By Nathan Orr
Belfast, North Ireland - The well renowned Breen’s gym may be closing down, but it will open its doors to welcome not one but two WBO European Champions with the help of Marc McCullough (9-1).
The Shankill fighter marked a fourteen year boxing absence from the Waterfront Hall by capturing the vacant WBO European Featherweight title with a point’s decision victory over previously unbeaten Martin Parlagi (14-0)
In his last scheduled bout, McCullough was stripped of competing for the same WBO European title only a matter of hours before he was set to enter the ring. However on the headline stage of the Waterfront Hall, McCullough lived up to expectations and captured the belt he had long-awaited for.
The fan favourite, McCullough entered the ring to a rapturous reception in which the home fans belted out “Stand up for the Ulstermen.” Despite the home support, the Shankill man started nervously with perhaps the headline pressure getting to him. Parlagi sensed this and took the fight to McCullough, landing blowing right and left hooks. McCullough’s chin was truly tested on this occasion and just about escaped an early blowout to Martin Parlagi.
From the second round, McCullough began to weather the Czech Republican storm, using his superior boxing technique to his advantage. The Shankill man’s morale was lifted when upon delivering a left hook, the relentless Parlagi was sent falling to the canvas.
In the fourth, McCullough once again had to dig deep to prevail, recovering from a left hook which sent him to the canvas for the first time in his career. Upon reaching his feet, it was clear the knockdown wasn’t the only damage but also a badly damaged nose.
As the rounds progressed McCullough stuck to what he does best: boxing and moving. In changing angles in his attacks, Parlagi was left swinging wildly. The Shankill fighter started to grab the rounds with authority as he left Parlagi tiring and missing by wide margins.
Parlagi is known as a pressure fighter, but the pace took its toll as instead of the previous relentless attacks the Czech Republican launched single ambush attempts. As the closing rounds passed by, McCullough began to control the pace and engage at his own will, which included several thudding combinations that forced Parlagi to take a step back for the first time in the fight.
Upon the final bell sounding, relief was on both fighter’s faces after enduring a tough ten round battle. The judges ringside scored the bout 95-93,97-91 and 98-92 all in favour of the man from the Shankill, Marc McCullough.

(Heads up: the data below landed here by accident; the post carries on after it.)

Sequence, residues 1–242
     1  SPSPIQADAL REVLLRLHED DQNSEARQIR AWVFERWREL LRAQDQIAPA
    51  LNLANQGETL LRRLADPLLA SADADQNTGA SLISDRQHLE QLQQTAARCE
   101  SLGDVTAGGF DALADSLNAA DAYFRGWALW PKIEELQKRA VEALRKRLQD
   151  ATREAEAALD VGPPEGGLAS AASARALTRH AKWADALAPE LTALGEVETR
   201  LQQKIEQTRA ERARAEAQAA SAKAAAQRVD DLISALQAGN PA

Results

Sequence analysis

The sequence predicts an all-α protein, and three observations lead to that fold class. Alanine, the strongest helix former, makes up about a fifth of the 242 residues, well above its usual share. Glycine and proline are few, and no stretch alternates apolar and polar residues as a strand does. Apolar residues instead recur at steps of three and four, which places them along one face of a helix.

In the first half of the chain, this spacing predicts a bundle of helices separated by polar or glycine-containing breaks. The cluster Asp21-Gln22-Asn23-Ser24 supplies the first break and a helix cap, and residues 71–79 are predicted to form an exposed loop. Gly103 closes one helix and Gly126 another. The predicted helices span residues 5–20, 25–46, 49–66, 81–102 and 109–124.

By capturing the third professional title of his short career, McCullough has progressed rapidly up the domestic featherweight rankings. McCullough’s aims are set high as he looks to recreate what his uncle Tommy Waithe achieved in the form of the British and Commonwealth belt. Although standing in his way is reigning champion Josh Warrington, a much discussed bout between the two young Featherweights will continue with Cyclone Promotions hoping to get the highly anticipated contest on the undercard of Carl Frampton’s world title challenge vs Kiko Martinez.
McCullough’s stablemate Jamie Conlan (11-0) successfully made the first defence of his newly acquired WBO European Super Flyweight title. The Belfast man gained a third round stoppage victory over Hungary’s Bantamweight champion Gabor Molnar (15-5)
Conlan entered the ring not only wearing his trademark Sombrero but grasping the first title of his professional career. The defending champion showed reluctance to relinquish his belt by way of overwhelming his Hungarian opponent.
In Molnar’s only previous contest on British shores, he suffered a stoppage loss vs Ian Butcher. Unfortunately for the Hungarian he suffered a similar fate at the Waterfront Hall.
Molnar started brightly by keeping up with Conlan in a highly competitive opening round, upsetting the odds momentarily by forcing the Belfast man onto the ropes and delivering punishment of his own.
In round two, the tide began to turn as Conlan grabbed the better of the close exchanges. The Belfast man near the end of round, landed a huge right hand which shook Molnar to his knees and forced the Hungarian to the canvas. Despite a valiant effort, “The Mexican” failed to finish his opponent off before the end of the round.
In the third and what proved to be the final stanza, Conlan showed his dangerous punching power with a drubbing right hand which sent his opponent to the canvas for the second time. Molnar bravely got to his feet but soon after the curtains were closed for good, as he failed to overcome Conlan’s firing onslaught. With the former Hungarian champion sent to the canvas for the third time, the referee deemed him as being in no position to continue at the 1:58 mark of the third round.